Last summer, in the wake of the Black Lives Matter protests, beauty and wellness brands faced an ugly reckoning. The inequalities faced by Black and PoC communities were exposed like livewires, and charged by social media movements like #BuyBlack and #PullUpForChange.
A burning demand for companies, brands, and customers to “open their purse”, “do better”, and facilitate a radical shift of power and wealth swept across industries worldwide. For centuries, historic, mostly white-owned brands have had the monopoly, making money off the backs of communities they had little to no investment in, while making it harder for Black and PoC businesses to flourish. Twenty companies, including Sephora, pledged to give at least 15 per cent of their shelf space to Black-owned companies, and Glossier allocated $500K in the form of grants to Black-owned beauty businesses – but it’s these small businesses that are leading the way.
New York-based cultural entrepreneur Jaé Joseph launched the Black Apothecary Office in June 2020, an accelerator programme for Black and Latinx-founded beauty and wellness brands, with an aim to launch 100 brands in the next decade. The idea came to Joseph after he discovered that between 2009 and 2017, beauty startups in the US raised half a trillion dollars, yet Black entrepreneurs received less than 1 per cent of that sum. “It’s a system that has always been set up like that,” Joseph says.
“With diversity, equity, inclusion – which I hate to refer back to all the time – if we don’t see real change at the table, then we have to build it ourselves. I say ‘buy Black but also build Black’.”
Every six months, Joseph and his team guide five brands through marketing, finance, distribution, and initial seed investment. This month, the first graduates debuted on the Black Apothecary Office’s e‑commerce platform, BAO Universe: Bee’s Moon, My Koche, Luxurious Wellniss, She Michelle, and Tracaris, alongside BAO’s own product line, BAO Essentials, inspired by the bodega beauty Joseph grew up with. His aim is that BAO Essentials will become a blueprint for Black-owned brands to come, and here’s how…
You launched BAO last summer; what were the circumstances that led you to that decision?
I could see a need, and I wanted to leave a lasting impression, wondering what my purpose was with Black Lives Matter and Covid. When my father passed away, I was trying to find avenues of wellness and care, whether travelling outside of New York or finding vitamins and supplements to aid my mental health. I was also researching Black loss and the significance of Black Wall Street (in Tulsa) to the community and entrepreneurs of colour, and how it was so community-driven and community-organised.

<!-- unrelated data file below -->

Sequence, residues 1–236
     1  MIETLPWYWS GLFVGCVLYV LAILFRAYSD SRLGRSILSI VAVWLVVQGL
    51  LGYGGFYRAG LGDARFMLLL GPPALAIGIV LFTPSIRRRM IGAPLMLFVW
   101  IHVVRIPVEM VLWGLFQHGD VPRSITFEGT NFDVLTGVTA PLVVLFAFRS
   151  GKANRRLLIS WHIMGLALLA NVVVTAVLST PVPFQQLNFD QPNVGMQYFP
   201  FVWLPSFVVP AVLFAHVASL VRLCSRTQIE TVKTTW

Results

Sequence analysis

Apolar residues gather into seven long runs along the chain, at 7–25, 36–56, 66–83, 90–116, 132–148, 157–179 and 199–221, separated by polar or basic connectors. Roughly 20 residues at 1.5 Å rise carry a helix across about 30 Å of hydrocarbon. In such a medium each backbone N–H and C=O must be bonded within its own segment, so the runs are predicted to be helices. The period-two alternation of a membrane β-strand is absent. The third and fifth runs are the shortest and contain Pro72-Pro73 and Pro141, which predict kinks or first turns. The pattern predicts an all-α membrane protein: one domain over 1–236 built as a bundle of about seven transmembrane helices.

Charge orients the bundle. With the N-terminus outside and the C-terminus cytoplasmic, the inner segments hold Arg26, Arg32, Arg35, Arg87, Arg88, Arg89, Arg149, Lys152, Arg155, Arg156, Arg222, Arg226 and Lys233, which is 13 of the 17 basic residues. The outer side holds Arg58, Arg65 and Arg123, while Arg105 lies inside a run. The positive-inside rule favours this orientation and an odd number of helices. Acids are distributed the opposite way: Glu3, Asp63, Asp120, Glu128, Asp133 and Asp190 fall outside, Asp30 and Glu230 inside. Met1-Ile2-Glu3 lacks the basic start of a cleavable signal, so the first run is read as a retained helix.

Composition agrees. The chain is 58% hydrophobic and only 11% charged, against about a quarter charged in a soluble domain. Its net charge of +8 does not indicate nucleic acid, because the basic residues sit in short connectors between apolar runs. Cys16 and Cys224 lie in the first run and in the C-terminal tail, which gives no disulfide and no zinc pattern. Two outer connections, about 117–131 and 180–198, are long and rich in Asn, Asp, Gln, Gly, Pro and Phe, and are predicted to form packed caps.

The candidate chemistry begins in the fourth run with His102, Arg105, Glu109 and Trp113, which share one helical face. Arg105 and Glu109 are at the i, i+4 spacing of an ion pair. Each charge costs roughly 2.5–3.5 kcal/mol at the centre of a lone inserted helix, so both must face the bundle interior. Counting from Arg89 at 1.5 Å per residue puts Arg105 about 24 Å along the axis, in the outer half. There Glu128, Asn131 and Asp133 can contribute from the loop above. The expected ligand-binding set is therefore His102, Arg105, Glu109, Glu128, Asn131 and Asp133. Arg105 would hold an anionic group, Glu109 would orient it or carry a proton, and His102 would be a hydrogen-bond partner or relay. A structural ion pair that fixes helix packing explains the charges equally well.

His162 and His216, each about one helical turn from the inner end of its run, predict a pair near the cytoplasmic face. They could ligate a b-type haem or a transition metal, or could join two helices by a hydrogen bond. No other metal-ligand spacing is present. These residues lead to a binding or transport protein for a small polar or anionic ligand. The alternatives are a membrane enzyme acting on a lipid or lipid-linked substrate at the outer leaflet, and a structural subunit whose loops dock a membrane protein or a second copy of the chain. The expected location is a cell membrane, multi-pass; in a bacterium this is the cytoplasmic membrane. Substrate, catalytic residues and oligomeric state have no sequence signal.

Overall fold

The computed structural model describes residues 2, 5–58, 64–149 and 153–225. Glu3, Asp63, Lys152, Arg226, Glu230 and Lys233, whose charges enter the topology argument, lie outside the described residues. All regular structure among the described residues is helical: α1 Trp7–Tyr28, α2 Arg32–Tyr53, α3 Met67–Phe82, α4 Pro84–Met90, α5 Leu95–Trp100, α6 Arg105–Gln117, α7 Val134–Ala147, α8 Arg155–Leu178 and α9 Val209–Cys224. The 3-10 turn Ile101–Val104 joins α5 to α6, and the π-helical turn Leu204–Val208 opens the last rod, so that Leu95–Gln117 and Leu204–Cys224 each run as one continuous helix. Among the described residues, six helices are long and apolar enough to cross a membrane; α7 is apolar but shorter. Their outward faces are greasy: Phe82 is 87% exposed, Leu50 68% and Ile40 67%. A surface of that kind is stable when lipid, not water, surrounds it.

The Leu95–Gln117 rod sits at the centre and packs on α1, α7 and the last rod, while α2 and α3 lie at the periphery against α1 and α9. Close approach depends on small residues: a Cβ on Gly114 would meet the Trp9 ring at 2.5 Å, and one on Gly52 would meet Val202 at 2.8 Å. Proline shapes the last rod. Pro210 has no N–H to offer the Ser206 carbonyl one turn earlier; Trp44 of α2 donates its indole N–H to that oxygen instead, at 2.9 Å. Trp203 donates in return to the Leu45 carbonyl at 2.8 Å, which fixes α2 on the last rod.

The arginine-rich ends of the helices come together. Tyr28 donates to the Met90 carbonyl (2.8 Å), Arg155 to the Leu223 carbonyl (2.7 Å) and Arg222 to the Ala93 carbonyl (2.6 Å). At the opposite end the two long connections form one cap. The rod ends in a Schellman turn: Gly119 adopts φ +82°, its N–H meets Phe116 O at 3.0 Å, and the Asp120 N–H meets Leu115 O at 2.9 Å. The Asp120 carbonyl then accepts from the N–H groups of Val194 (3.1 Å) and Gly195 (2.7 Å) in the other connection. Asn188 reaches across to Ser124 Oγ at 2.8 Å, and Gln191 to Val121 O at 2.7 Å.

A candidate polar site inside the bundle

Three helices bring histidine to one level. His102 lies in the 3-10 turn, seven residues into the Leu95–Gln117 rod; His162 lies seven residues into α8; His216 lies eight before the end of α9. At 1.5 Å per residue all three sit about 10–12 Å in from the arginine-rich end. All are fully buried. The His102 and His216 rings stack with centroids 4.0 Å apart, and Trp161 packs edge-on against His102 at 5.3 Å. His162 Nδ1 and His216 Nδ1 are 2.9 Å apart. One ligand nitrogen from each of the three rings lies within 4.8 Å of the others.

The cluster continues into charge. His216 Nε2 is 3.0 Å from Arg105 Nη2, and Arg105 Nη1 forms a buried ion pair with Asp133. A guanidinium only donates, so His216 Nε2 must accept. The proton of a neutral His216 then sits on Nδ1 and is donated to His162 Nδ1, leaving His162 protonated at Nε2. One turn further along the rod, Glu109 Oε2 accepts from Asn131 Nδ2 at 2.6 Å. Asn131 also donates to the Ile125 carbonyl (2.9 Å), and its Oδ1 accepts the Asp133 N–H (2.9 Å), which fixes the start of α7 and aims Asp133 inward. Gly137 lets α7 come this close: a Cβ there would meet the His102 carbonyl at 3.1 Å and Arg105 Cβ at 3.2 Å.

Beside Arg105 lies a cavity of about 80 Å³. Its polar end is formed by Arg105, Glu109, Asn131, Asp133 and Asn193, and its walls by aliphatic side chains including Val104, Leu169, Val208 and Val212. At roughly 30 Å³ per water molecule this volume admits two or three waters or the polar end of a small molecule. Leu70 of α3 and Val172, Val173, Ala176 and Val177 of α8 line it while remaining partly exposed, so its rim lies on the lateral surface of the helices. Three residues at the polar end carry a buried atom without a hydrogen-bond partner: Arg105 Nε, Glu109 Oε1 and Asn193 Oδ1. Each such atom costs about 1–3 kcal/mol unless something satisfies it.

Coming to Tulsa (for the 100th commemoration of the Tulsa Race Riots) ahead of launching BAO Essentials and having [Tulsa] Senator Kevin Matters tell me my efforts aren’t in vain; it was like the ancestors had me here for this moment. BAO’s ethos is really not just diversity but actual inclusion, and I’m elated to be in a position where my efforts are aligned with purpose.
Your mission is to launch 100 brands in the next decade through BAO’s accelerator programme. Can you tell us about that?
So we’ll work with some brands that will already be ‘established’ but won’t have resources like a strong marketing plan, distribution channels or social media strategy. Maybe a mum and pop brand needs rebranding or to become social media adept. It’s not that we’re physically launching each brand, but we’re taking those brands under our wings and nurturing them, which is important.
How did you get into beauty in the first place?
My mother is a beautiful woman and was always into skincare, cosmetics, and self-care. My grandfather was always into certain oils and lotions, certain fragrances, and when those routines were in place, you saw a difference in self-confidence, self-awareness, and mood. Skincare and cosmetics, when done properly, are a huge part of our mental wellness.
Cultural integrity is core to BAO, and you speak about it a lot. Can you tell us what that means to you?
Cultural Integrity is upholding the accountability of yourself and making sure that the people who look like you, think like you, that whatever work you’re doing can resonate with them most beneficially. If it doesn’t, you have to check yourself and ask where you’re falling short, and that’s something I’m learning daily.
What does the next year of the Black Apothecary Office look like?
The next phase of the accelerator is in the fall and we’ll launch five new cohorts. We have some partnerships to introduce and we want to expand our reach. We launched a survey ahead of the accelerator, and we had 1000s of enquiries and over 120 applicants – many of them weren’t in the US. The BAO curriculum is virtual, so we want to make people aware that the resources we’re providing aren’t just stateside.
How can we, as customers, buy smarter and more meaningfully?
Support the community by finding what you really believe in. See what people’s core mission and core ethos are. Support misrepresented brands, whether that’s LGBTQIA+, Black-owned, Asian-owned. You really have to think about what works best for you, even if it’s in the moment, and it is a part of a movement. Ask yourself how you can put your best foot forward and be a part of this in a way that is actually beneficial to someone outside of ‘me’.